The third loser in my list was born to Elias and Flora d’Isigny in Chicago’s Hermosa community area. His father was a farmer and a worker at a railroad company. As a young man, he was fired from the Kansas City Star newspaper. Reason: his boss claimed that he lacked creativity. To fulfil his desire to become a full-time cartoonist, he started an animation company called Laugh-OGram Films in 1921. Though the start appeared bright (as he was able to raise $15,000 for the company), the New York distributor, with whom he had tied-up, went bankrupt. Result: end of Laugh- O-Gram. With a mountain of debt in his name, emotionally drained and financially broke, he barely earned a few dimes to pay his rent. Not able to afford proper food, this loser started eating dog food. But despite all that, there was one objective that the man nurtured all along, and that was to never give up.

By missing out on a few meals, he saved his last few dollars to buy a train ticket to Hollywood. And here, in 1926, he created an effervescent cartoon character named Oswald the Rabbit. When he tried to strike a deal with Universal Studios, without his knowledge, Universal went ahead and patented the Oswald character. Of course, the studio paid him nothing. He created more characters; but there were other rejections too. His Three Little Pigs concept was rejected for lack of more characters; filming of Pinocchio was stopped during production; his others creations like Bambi, Pollyanna and Fantasia were utterly disliked by viewers during those times. Fighting against all odds and bankruptcy, the man went on to make the animation film Mary Poppins in 1944, which became a blockbuster hit.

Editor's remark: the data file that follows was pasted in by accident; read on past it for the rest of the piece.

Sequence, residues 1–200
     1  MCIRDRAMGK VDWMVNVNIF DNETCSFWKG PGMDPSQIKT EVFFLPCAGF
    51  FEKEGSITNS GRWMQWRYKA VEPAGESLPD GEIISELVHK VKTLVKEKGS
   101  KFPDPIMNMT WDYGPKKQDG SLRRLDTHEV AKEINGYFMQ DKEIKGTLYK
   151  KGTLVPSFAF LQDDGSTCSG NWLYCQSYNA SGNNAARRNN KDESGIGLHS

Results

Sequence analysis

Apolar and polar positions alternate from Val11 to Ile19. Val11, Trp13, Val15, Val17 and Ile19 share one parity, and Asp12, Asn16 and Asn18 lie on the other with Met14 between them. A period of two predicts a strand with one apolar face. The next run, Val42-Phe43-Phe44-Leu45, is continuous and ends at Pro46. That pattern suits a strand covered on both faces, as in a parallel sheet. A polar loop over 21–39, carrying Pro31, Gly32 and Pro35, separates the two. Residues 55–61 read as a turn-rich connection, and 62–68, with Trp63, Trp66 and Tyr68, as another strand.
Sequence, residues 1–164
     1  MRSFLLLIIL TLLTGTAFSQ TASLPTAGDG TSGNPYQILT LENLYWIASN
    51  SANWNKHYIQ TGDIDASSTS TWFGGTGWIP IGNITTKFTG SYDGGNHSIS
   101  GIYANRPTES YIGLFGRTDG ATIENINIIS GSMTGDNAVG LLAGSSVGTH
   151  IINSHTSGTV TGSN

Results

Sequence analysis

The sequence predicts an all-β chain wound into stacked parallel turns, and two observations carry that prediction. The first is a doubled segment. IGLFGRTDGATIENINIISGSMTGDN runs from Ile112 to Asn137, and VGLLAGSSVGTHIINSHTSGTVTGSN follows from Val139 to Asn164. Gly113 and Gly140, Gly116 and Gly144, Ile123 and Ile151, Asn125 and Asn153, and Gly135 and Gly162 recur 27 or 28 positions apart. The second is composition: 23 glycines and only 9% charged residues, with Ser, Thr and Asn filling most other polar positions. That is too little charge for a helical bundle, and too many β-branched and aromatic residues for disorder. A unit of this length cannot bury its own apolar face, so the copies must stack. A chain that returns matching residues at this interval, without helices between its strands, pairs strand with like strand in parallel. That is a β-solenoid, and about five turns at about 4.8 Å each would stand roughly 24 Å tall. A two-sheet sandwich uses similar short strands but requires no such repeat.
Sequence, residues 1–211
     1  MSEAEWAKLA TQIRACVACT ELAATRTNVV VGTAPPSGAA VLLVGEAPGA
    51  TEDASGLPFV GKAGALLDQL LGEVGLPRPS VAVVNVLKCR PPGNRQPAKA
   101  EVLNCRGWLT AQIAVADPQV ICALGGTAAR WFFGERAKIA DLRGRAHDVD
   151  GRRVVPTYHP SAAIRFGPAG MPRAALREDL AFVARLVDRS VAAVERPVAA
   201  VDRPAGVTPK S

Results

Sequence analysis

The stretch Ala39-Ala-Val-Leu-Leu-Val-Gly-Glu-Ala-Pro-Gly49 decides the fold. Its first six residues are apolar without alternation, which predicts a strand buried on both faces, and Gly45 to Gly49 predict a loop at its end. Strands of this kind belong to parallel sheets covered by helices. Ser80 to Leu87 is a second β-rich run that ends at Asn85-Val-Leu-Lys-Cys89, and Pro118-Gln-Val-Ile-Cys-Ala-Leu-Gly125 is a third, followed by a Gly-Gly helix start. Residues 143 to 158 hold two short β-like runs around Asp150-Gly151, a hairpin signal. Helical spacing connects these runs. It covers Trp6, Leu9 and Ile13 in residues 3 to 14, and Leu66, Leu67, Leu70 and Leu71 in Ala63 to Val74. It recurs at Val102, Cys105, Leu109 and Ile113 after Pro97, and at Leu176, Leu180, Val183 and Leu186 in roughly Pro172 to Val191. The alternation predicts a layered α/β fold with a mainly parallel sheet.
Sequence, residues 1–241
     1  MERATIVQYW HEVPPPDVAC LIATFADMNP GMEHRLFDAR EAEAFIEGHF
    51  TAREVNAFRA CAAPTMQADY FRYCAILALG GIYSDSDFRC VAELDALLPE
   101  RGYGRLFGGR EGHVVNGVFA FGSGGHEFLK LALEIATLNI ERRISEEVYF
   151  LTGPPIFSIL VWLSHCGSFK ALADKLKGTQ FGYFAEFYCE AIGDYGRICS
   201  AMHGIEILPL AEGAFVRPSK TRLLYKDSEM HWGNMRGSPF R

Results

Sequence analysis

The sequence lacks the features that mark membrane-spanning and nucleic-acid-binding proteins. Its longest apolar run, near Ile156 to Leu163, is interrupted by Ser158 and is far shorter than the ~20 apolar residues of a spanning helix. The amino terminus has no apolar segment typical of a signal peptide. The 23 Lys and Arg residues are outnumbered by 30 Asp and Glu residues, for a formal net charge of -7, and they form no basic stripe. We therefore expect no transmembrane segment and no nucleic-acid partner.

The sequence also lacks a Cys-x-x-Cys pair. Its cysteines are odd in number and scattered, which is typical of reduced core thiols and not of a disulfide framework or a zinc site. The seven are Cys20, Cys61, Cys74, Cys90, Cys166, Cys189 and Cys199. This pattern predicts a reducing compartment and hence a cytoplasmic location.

Today, we all know this loser more because of Steamboat Willie, a cartoon character he made – a character that came to be later known as Mickey Mouse. Walt Disney was the name of this loser, who fought failure and sketched his road to success. Although he died in 1966, he left behind a legacy of never giving up. The company he co-founded, The Walt Disney Company, is worth $71.4 billion in the stock market!

The fourth loser in my story is a woman, whose life went into a massive disarray at an age when most of us are well settled. An English teacher in Portugal, she married a TV journalist. But just four months after the birth of her daughter, her husband separated from her. At wits’ end, she left her teaching job in Portugal and decided to be with her sister in Edinburgh, Scotland. Recovering from the divorce was still too painful and the lady kept struggling to make ends meet for herself and her year-old daughter. She had only government subsidies for support. She thought of teaching in Scotland too, but was soon rejected as in order to teach in Scotland, she required a ‘PGCE’ (postgraduate certificate of education). And then, she was diagnosed with clinical depression, and even thought of committing suicide.